Most people who are currently avoiding gluten because they think they can’t digest it actually just eat like shit and they rarely exercise—and that’s why their body hurts. They probably don’t drink enough water either (since poor diet, not enough exercise and not enough water is an epidemic trifecta in our society). But wheat is taking a lot of the blame.
That’s because people have received hundreds if not thousands of messages via mass media and private conversations that maybe wheat gluten is causing their discomfort. Celiac’s Disease is rare but real and, I suspect, there are people without Celiac’s who nevertheless have a lesser but still immutable biological problem with gluten. However, I suspect a third group of people avoiding wheat is even bigger than the other two combined.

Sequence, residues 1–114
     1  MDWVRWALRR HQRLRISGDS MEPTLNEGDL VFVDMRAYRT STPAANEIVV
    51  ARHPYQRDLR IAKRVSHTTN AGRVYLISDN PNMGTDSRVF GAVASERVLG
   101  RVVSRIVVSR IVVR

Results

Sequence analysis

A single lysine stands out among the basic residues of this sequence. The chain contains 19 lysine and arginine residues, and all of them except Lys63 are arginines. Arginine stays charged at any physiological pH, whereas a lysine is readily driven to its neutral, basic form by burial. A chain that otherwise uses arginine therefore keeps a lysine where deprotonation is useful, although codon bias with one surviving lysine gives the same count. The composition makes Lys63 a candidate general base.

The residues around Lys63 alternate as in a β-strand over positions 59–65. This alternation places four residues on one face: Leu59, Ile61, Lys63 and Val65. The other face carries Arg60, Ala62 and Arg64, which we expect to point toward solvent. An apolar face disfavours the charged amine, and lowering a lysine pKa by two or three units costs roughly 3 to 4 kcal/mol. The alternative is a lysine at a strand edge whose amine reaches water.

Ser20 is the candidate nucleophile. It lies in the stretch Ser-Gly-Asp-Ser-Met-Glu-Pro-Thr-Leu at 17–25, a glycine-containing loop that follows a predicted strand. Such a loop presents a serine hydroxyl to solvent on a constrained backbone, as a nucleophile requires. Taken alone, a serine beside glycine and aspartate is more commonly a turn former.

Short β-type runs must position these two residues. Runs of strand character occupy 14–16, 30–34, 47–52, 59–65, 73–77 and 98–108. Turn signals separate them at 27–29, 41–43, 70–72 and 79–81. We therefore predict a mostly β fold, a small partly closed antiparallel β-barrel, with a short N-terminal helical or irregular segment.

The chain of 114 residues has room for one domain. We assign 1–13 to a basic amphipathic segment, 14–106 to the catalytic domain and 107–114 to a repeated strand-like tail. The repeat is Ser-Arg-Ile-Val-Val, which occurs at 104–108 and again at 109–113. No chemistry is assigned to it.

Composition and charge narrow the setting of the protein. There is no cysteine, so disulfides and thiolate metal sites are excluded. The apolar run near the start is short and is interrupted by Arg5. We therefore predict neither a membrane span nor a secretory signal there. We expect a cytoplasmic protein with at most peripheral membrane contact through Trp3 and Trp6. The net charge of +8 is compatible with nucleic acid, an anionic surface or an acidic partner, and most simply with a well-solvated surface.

It’s natural that a huge population of people having received a barrage of negative messaging about wheat would develop a nocebo response to it—opposite of placebo. That is, when they eat wheat gluten, they might experience real pain and discomfort precisely and maybe only because they were told wheat might hurt them. When they avoid wheat, they might feel relatively better mostly because some expert told them this would be so (placebo response). Placebo and nocebo responses are stronger than many drugs that are themselves efficacious. If you’re skeptical, I advise you go down the placebo rabbit hole and get obsessed with this awesomely interesting piece of humanity. Because a person’s pain comes from a “placebo response” is not the same thing as saying “it’s all in your head” since the pain is real.
I’m not the only one who thinks maybe many, many people are confused about their own body’s capabilities and allergies.